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Dublin rents tumble more than 3pc but costs soar 5.4pc outside capital

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Rents have fallen in Dublin, presenting the first concrete evidence that it was worst affected nationwide by the impact of Covid-19.

The latest Daft.ie report revealed rents fell 3.3pc in one year in Dublin, while outside of Dublin rents rose 5.4pc.

Ronan Lyons, Assistant Professor in Economics at Trinity College said there are two ways of interpreting falls in rents.

"The first is a fall in demand as would be expected with a big increase in unemployment,” he said. “The second is an increase in supply, as might happen where significant numbers of short term lettings move over to the long term rental market.”

He said the latest report, which covers the market nationwide to January 2021, presents the first concrete evidence of an idea suggested since early in the Covid-19 pandemic: “Of all rental markets in the country, Dublin would be most badly affected by the collapse in everyday activity.”

The report looked at 54 rental markets.

Dublin rents fell 3.3pc during 2020, with declines concentrated in the second and fourth quarters of the year. In the rest of the country, however, rents increased 5.4pc on average, with only a modest fall in the second quarter lockdown and an increase during the final three months of the year.

In Limerick city, rents were almost 4pc higher year-on-year, while in Cork and Galway cities, the increase was just under 5pc. In Waterford city, rents climbed 5.6pc.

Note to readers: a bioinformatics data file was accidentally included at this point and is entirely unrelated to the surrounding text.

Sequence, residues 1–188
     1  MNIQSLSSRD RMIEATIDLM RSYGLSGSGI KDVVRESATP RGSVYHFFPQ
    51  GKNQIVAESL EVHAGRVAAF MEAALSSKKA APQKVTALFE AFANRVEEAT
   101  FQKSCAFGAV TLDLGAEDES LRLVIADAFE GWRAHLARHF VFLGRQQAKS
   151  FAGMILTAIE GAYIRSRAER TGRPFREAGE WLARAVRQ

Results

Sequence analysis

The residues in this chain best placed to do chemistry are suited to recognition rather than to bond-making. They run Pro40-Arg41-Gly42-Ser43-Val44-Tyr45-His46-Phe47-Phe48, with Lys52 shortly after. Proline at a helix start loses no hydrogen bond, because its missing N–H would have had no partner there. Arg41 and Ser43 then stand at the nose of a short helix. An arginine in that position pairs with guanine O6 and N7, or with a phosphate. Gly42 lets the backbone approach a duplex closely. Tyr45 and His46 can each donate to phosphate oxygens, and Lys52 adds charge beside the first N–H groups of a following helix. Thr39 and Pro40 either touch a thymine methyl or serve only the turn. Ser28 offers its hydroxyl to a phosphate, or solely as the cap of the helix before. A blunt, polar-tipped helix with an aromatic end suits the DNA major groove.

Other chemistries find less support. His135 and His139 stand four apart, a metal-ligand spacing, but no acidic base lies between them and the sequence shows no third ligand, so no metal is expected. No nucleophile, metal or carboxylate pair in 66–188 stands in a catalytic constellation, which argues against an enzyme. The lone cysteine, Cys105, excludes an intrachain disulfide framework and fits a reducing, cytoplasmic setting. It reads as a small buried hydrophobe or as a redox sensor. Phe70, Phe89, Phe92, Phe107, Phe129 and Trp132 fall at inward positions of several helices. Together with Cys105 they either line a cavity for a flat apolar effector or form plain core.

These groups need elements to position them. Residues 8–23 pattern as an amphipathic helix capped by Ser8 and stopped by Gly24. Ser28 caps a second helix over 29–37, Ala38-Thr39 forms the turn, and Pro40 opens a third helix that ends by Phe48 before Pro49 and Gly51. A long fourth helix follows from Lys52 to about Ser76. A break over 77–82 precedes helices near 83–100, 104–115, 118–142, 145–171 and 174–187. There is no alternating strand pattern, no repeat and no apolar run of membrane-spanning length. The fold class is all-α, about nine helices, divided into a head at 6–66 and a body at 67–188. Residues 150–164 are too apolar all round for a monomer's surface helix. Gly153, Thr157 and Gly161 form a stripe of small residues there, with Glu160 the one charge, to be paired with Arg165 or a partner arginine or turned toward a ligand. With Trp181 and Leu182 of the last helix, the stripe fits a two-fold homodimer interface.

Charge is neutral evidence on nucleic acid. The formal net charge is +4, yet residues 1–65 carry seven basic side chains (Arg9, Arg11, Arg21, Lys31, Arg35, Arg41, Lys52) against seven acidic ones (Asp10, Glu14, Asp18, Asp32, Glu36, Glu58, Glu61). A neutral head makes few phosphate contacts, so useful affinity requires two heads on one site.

The report noted that the different trends in rents reflect changes in availability. In Dublin, there were 2,600 homes available to rent on February 1, up from fewer than 1,600 on the same date in 2020.

In the rest of the country however, the number of homes available has fallen sharply, from almost 2000 on February 1, 2020 to just 1,139 a year later.

Mr Lyon said: “Outside Dublin, Covid-19 has led to a further worsening of supply conditions in the rental market with the number of homes coming on each month down 17pc on already low levels.

"While demand for rental homes outside the capital has fallen – with the rise in unemployment – it has not fallen as much as supply, pushing rents further upwards.”

He said that in the capital, Covid-19 has had the opposite effect, with the number of homes being advertised to rent up 64pc on February 1, compared to a year previously. With the increase in homes being advertised, active demand for rented homes has also soared, up 40pc compared to pre-pandemic.

"But the greater liquidity of the market has helped bring rents down slightly. Nevertheless, rents in the capital and in Ireland’s other main cities remain at twice their level a decade ago,” he said.

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The average rent in Dublin in the fourth quarter of last year was €1,924, down 3.3pc year on year. In Cork city, it was €1,452, up 4.8pc year on year. In Galway city, it was €1,379, up 4.6pc; in Limerick city it was €1,265, up 3.9pc; in Waterford city it was €1,067, up 5.6pc; and in the rest of the country, the average rent was €1,048, up 5.6pc.

The average national monthly rent in the final quarter was €1,414, up from a low of €742 per month seen in late 2011.

In Dublin 1, 4 and 6, rents in the final three months of 2020 were 6pc lower than a year previously.

Irish Independent


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